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How to Freeze Your Credit

You’ll need to contact all three credit bureaus individually — once you do, you will have maximum protection.
Sept. 12, 2019
Credit Score, Personal Finance
How to Freeze Your Credit
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A credit freeze can keep the sensitive data in your credit files from being accessed to open new credit lines in your name. Placing or lifting a credit freeze is free, and it does not affect your credit score. Even if a would-be thief has your birthdate and Social Security number, your credit file can’t be checked by a would-be creditor.

If you’re dealing with identity theft, a credit freeze, also known as a security freeze, can offer peace of mind. No one will be able to open credit accounts in your name, which can save you the hassle and cost that come with having your identity stolen. You will need a PIN or password to unfreeze your credit. A criminal cannot do it, even with your personal data.

How do I freeze my credit?

You must contact each of the three major credit bureaus individually to freeze your credit; each has a slightly different process.

Generally, you need to provide your Social Security number, birthdate and other information confirming your identity. Here’s contact information for the credit bureaus, plus links with step-by-step guides:

Once a credit freeze is in place, it secures your credit file until you lift the freeze. You’ll need to lift the freeze temporarily if you want to apply for new credit.

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How do I unfreeze my credit?

You go to the credit bureau website and use the same credentials you used to freeze your credit to unfreeze your credit. You can also unfreeze your credit by phone or postal mail if you can provide the personal identification number established when the freeze was set up. Unless you use postal mail, unfreezing takes effect within minutes of requesting it.

When you are applying for credit, you can ask the creditor which credit bureau it will use to check your credit and unfreeze only that one. Or, if you’re shopping for a loan and may make several applications in a short period, you may choose to lift the freeze at all three major credit bureaus.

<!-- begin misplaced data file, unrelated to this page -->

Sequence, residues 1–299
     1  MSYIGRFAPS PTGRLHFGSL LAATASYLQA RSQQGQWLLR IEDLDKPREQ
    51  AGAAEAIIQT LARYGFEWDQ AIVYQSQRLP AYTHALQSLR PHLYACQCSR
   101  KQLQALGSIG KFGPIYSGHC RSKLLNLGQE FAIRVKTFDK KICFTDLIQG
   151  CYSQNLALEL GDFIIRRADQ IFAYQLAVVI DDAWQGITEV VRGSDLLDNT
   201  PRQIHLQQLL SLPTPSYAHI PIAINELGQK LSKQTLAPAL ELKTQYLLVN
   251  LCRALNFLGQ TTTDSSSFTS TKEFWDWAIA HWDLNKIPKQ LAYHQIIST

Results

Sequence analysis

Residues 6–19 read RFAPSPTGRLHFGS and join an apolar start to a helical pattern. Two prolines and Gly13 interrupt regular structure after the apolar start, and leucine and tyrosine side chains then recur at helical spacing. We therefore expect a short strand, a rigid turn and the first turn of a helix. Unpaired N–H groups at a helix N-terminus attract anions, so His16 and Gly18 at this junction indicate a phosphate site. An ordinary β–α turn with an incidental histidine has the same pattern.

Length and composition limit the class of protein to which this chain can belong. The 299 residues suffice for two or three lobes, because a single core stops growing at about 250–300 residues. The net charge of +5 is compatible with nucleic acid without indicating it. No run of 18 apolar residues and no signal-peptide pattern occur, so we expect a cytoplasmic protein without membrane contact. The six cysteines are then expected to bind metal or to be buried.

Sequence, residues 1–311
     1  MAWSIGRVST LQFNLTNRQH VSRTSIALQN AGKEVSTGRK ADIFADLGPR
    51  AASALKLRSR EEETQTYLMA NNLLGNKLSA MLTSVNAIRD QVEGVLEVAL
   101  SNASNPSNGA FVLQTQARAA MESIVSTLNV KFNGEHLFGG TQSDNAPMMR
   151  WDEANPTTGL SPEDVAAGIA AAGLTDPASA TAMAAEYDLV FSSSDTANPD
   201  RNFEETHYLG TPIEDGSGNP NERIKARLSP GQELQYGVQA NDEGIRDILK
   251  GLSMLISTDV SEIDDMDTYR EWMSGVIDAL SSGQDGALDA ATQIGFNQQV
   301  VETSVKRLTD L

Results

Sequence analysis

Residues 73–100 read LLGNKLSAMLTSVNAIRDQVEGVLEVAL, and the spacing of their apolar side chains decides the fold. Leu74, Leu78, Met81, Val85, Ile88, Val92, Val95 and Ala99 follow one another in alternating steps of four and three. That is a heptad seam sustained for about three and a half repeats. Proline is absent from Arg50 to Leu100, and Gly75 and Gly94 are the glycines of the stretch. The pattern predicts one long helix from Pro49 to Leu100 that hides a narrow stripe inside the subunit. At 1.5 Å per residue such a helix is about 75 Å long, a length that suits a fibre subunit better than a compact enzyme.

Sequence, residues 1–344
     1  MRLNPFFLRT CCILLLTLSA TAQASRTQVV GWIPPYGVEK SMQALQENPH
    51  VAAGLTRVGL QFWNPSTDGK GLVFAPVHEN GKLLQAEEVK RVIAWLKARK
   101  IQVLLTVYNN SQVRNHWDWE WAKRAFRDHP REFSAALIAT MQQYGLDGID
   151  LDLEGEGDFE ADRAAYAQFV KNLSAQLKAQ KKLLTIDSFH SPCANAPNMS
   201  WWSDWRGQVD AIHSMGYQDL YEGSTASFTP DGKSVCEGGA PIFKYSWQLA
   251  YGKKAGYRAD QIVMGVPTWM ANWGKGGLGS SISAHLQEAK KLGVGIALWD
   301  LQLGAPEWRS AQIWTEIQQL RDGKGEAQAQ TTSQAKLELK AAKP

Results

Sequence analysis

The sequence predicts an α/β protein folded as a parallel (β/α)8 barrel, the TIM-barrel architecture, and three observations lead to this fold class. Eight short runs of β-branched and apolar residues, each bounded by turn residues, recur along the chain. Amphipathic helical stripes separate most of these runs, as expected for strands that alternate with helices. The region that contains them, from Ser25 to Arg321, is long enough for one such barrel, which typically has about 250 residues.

Do I need to freeze my credit?

If you’re not shopping for a credit card or loan, freezing your credit is wise. Now that freezes and thaws are free, NerdWallet recommends them for everyone.

If you think your data may have been compromised, for instance in a data breach, get a credit freeze. It’s especially key if your all-important Social Security number may have been disclosed.

Consider freezing your credit even if your data hasn’t been exposed — yet. Data breaches happen regularly.

Who can access my frozen credit reports?

A credit freeze makes your credit reports inaccessible to most people, with a few exceptions:

  • You can access your own records, including getting your free annual credit reports. You can also check your free credit report summary and score from NerdWallet while your credit reports are frozen.
  • Your current creditors still have access, as do debt collectors.
  • Marketers can see your credit reports for the purpose of sending you offers.
  • In certain circumstances, government or child support agencies can see them.
  • You can still give permission to an employer or potential employer to check your credit (though the version they see omits certain details).

What’s the difference between a credit freeze and a credit lock?

Both a credit freeze and credit lock block access to your credit reports. However, a credit lock is a product offered voluntarily by a credit bureau, which may charge a fee. Equifax’s credit lock is free; TransUnion’s requires that you agree to receive marketing emails and Experian’s is available only as part of a paid subscription package.

Credit freezes are mandated by federal law and are free.

Credit locks may offer convenience — such as being opened and closed with a finger swipe on an app — but they offer fewer legal protections than a freeze.

Can I freeze my child’s credit?

You can freeze the credit of a child under 16.

If you request a freeze for your child, the credit bureau must create a credit file for the child, then freeze it. In addition to supplying the information required for an adult credit freeze, you’ll also need the child’s birth certificate and proof that you have standing to freeze the child’s credit.

Here’s how to contact each credit bureau about children’s credit files:

Is there a downside to freezing credit?

A freeze can give you a false sense of security — you may still be susceptible to credit fraud or other fraud involving your Social Security number.

It can be inconvenient because you need to remember to lift the freeze when you want to apply for credit.

What else to know

A freeze stops a new account from being opened in your name. But if a thief steals information about an existing account, your credit may be used without your permission.

It’s still important to check monthly statements carefully for signs of fraudulent activity and to alert creditors immediately if you see something suspicious.

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